on some overhanging rock, seductively calling
to the wayfarer to rest a while in the shade
of its hospitable roof. In common with other
frequenters of the road we accepted the welcome
invitation, drank immoderately of the pale,
astringent tea of the country, — for the summer
sun beat pitilessly down on the valley bottoms, —
and then tramped on again until the next chaya
hove into view to mark another stage in the
day's journey. Thus for many days.

The inn of Japan, unlike the serai of Western


or Central Asia, is superficially clean, and supplies
all the necessaries and, in a modified form, some
of the luxuries of life. Quilts, which the lodger
sjjreads on the straw-matted floor, are provided
for him to sleep on ; food — edible if unsatisfying —
is served him in tiny bowls, with chopsticks sup-
plied ; and a boiling-hot bath, common to all and
sundry, welcomes him at the end of his day's
march. The contrasts between the Far and Near
East are, indeed, in many respects strongly
marked. Here is a land that is kissed, not
scourged, by the sun. Abundant water and a
humid atmosphere have clothed the countr}^ in a
mantle of tropical luxuriance and created in the
Eastern seas a world of fragrant flowers and riot-
ous vegetation, the very antithesis of the parched
and sun-scorched deserts of Western Asia. In
Japan the gentle and kindly nature of the people
testifies to the peaceful influence of Buddhism ;
in Turkey, Persia, or Arabia the stern and
haughty demeanour of the inhabitants bears
witness to the fierce fanaticism inspired by the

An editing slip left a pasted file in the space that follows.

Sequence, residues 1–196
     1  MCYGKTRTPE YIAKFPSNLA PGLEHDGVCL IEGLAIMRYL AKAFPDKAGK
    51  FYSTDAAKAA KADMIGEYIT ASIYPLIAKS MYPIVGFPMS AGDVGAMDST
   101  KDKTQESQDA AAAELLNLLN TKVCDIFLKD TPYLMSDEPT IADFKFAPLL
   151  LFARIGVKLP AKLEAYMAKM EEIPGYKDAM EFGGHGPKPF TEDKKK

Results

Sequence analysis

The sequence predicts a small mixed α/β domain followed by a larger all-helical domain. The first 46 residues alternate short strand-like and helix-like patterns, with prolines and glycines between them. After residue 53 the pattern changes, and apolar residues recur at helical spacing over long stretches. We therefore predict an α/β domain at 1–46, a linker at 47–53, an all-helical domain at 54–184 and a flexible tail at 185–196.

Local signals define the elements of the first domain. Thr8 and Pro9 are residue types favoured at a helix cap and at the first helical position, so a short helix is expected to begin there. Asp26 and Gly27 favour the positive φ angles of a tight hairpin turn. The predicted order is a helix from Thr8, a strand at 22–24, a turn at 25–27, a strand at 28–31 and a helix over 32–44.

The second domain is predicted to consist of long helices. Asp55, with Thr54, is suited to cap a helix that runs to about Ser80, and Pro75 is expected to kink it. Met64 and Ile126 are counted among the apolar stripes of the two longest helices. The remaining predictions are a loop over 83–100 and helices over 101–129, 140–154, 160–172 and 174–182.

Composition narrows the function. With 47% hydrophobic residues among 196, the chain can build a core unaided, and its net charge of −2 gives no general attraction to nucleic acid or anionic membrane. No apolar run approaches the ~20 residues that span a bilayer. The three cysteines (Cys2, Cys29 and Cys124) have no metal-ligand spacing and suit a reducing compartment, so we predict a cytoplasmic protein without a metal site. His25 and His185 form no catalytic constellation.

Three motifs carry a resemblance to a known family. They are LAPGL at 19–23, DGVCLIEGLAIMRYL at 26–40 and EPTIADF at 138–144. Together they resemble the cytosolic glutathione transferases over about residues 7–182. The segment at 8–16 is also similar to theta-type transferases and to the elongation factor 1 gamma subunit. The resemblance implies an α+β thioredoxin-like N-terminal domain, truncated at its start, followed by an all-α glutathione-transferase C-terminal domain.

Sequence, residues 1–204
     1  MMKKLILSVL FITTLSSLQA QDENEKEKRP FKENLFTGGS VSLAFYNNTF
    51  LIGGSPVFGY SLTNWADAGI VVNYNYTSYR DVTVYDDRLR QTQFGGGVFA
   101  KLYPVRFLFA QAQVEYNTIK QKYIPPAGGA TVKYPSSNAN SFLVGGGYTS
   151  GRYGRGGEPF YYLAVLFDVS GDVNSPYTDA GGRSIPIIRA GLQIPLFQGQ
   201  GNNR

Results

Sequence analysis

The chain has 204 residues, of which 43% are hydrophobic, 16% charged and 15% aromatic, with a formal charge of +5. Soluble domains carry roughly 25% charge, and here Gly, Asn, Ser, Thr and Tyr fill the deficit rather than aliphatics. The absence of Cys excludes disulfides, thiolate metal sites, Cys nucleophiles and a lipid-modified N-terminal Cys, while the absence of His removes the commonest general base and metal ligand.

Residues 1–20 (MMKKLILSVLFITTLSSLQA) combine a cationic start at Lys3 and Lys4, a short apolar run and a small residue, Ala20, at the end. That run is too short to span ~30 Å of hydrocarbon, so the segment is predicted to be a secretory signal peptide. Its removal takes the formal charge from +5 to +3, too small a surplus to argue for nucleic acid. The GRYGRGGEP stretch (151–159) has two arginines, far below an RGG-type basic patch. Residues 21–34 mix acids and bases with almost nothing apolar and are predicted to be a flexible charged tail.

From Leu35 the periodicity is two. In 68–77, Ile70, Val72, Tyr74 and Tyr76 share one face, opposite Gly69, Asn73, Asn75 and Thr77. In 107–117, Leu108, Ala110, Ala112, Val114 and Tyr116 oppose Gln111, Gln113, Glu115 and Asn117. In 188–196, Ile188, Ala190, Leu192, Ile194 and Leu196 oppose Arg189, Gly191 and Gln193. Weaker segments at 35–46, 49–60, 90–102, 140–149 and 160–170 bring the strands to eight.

militant creed of Mohammed. The humble wor-
shipper at the shrine of his ancestors, the aesthetic
acolyte chanting with monotonous iteration the
meaningless Namu Amida Butsu of the Buddhist
litany, have little in common with the perfervid
apostle of Islam : the intricate and ingenious
architecture of the one contrasts markedly


with the grand and simple conceptions of the

Yet, despite such dissimilarity of creed and
setting, there is among the peoples of Asia, from
Samarkand to Colombo and from Tokio to Stambul,
a certain aflSnity of thought, certain kindred char-
acteristics, observing which the stranger from
across the seas may say, "This is the East." The
unabashed indecency of the bazaars of Western
and Central Asia finds its counterpart in the frank
disregard for convention displayed in the country
districts of Japan, where life and social intercourse
proceed innocently, if immodestly according to
Western canons, upon the assumption that, though
the serpent tempted, the woman did not eat of the
fruit of the tree of knowledge in the Garden of
Eden. The woman gives suck to her child in the
street, the village maid takes her bath in com-
pany with the village hodge, and these things
present no cause for offence, because in the eyes
of the people there is no offence in them. Again,
if the traveller in Persia or Turkestan is brought
into perpetual contact with an unyielding and
irritating resistance to hurry, the wanderer in Far
Eastern lands becomes early conscious of the fact
that he is moving in a world where thought and
action are characterised chiefly by a profound and
imperturbable deliberation. Finally, East and
West Asia alike vie with one another in proclaim-


ing the existence of that strange and mysterious
law by which it appears to have been decreed that
among the peoples of the West alone shall the
sanctity of truth meet with respect or recognition.